File this one under ‘truth is stranger than fiction’. A tale of ethical murkiness, medical breakthrough, and the genesis of a new species.
On the 1st of February, 1951, Henrietta Lacks — an African-American tobacco farmer from rural Virginia — was taken to see doctors at John Hopkins Hospital in Baltimore, Maryland. Lacks had gone to seek medical treatment for intermenstrual bleeding. Despite an otherwise clean bill of health, attending gynecologist Dr. Howard W. Jones discovered a cervical tumor.
“It was not like an ordinary cancer. This was different, this didn’t look like cancer. It was purple and it bled very easily on touching. I’ve never seen anything that looked like it and I don’t think I’ve ever seen anything that looked like it since, so it was a very special different kind of, well, it turned out to be a tumor.” Jones explained in the 1995 BBC documentary, “The Way Of All Flesh”.
A small sample of the cancer was then taken without the consent of Henrietta Lacks to George Otto Gey of John Hopkins. Gey, a cellular biologist, was attempting to find a cure for cancer. One of his main focuses was to successfully propagate cancer cells in a test-tube medium so that they could be studied and experimented upon. His methods included taking samples of cancerous tissue and feeding them chicken blood drawn directly from the hearts of live chickens. However, all of his attempts failed; until Henrietta Lack’s tumor tissue.
Gey was successful at propagating Lack’s cells, which would come to be known as HeLa cells, in a test-tube. This would be the first instance of an human immortal cell line, defined as “ — a population of cells from a multicellular organism which would normally not proliferate indefinitely but, due to mutation, have evaded normal cellular senescence and instead can keep undergoing division.” (From Wikipedia)
HeLa cells in essence lacked cellular senescence; they lacked the ‘programming’ inherent in most human cells that would stop them from multiplying indefinitely. In this way, the cells from Lacks could be repeatedly grown, cultured and propagated. They never stopped growing, and bereft of cellular senescence, became biologically immortal. This would lead to a sudden interest in being able to grow cells, and laboratories across the world began to produce their own, non-HeLa cell lines.
The HeLa cells would be used in experiments ranging from measuring the effects of radiation from an atomic blast (a flask of the tissue was placed near bomb-tests) to side-effects from cosmetics. They would also be sent into space to test the effects of zero-gravity on human tissue, and played an integral part in producing the Polio vaccine. Laboratories and scientists from across the world would use them to delve into the mysteries of cancer.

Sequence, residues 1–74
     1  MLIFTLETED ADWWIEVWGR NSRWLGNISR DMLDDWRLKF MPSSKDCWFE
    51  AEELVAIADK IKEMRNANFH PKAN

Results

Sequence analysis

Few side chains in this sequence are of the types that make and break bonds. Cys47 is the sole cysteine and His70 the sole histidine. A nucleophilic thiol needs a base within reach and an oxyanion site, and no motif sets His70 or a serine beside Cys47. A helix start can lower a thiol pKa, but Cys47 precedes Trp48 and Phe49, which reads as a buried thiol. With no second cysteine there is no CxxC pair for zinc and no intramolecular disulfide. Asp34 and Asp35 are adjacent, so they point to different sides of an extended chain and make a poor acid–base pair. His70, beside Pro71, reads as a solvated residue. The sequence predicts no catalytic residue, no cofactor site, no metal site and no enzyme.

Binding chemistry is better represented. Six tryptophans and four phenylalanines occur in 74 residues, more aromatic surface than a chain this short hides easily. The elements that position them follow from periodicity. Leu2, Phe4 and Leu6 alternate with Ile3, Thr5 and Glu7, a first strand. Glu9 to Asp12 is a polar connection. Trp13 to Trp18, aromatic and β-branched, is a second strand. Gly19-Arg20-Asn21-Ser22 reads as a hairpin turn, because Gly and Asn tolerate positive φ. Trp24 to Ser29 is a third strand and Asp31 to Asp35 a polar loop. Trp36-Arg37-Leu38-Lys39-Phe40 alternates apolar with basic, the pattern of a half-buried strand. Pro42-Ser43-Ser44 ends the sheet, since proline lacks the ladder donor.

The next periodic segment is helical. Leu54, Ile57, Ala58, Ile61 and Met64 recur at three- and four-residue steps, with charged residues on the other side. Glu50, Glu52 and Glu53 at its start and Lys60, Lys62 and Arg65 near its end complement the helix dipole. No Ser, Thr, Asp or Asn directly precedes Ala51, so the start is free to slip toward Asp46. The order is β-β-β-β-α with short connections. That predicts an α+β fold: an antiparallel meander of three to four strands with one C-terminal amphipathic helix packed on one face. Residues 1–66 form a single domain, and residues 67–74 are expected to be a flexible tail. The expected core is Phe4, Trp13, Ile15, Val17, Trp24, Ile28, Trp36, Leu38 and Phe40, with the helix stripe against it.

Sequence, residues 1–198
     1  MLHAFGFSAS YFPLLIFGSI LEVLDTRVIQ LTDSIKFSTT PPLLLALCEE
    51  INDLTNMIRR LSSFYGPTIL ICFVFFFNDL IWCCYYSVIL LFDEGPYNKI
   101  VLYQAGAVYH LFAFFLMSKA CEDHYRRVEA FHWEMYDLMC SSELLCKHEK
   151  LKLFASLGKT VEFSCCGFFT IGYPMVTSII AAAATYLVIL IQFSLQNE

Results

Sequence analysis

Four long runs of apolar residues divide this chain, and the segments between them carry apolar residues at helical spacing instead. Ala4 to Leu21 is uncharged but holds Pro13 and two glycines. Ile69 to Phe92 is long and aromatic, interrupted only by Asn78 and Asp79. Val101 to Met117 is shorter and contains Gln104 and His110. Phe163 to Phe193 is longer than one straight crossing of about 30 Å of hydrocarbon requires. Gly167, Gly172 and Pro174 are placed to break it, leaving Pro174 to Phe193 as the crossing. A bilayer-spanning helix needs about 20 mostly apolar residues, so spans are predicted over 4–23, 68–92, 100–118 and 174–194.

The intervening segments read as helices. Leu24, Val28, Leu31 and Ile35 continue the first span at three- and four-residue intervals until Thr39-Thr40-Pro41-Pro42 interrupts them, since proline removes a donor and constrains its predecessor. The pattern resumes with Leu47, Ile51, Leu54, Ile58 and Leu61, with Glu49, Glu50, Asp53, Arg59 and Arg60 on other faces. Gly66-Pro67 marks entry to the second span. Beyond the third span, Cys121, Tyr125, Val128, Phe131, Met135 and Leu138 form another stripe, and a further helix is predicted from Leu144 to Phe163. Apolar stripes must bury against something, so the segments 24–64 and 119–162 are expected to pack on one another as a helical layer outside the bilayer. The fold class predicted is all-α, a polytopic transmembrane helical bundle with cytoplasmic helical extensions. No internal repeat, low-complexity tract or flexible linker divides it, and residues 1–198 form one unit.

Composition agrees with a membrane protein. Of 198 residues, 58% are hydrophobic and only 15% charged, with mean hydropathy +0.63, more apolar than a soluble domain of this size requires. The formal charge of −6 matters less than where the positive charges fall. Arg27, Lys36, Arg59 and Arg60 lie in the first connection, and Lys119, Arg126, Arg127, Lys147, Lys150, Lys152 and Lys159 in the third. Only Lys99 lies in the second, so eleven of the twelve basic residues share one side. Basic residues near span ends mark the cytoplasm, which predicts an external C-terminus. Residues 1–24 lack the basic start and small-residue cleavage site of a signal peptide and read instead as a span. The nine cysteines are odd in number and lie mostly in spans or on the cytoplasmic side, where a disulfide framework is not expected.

The cancerous tissue would even be injected into inmates at an Ohio State Penitentiary in an attempt to prove one way or another whether cancer was infectious. A common theory of the time was the ‘Theory of Spontaneous Transformation” which sought to explain why cells in laboratory settings would seem to randomly become cancerous. The theory posited a “cancer virus”. If the HeLa cells took hold and spread throughout the inmates it would help prove a cancer virus existed, and would aid in creating a vaccine. The cells produced small tumors in some of the inmates and in others the tissue died, but the HeLa cells did not spread, frustrating efforts at locating the hypothetical cause of cancer.
Henrietta Lacks was dead by this point and Gey had kept the use of her tumor cells a secret from her family out of fear of being sued. It would be years before Henrietta’s family would find out that in some sense her mother’s cells were still living, spread all across the planet.
At this point if you compiled all of the HeLa cells worldwide their biomass would outweigh Henrietta Lacks many times over. Estimates range from four-times her original weight to 50 million metric tons.
The work done with HeLa cells — and other cell lines — ushered in a new era of cellular biology. Suddenly, rich philanthropists and venture capitalists got involved, prompted by the new discoveries. Mary Lasker, philanthropist and health activist, had decided to back the investment of cancer research after her husband died from colon cancer. By selling cancer as virus-caused Lasker was able to push a campaign for cancer research by positing that a cure was easily attainable should the virus be discovered and isolated. In large part due to Mary Lasker’s actions, President Nixeon declared a national “War on Cancer” in the 1971 State of the Union Address.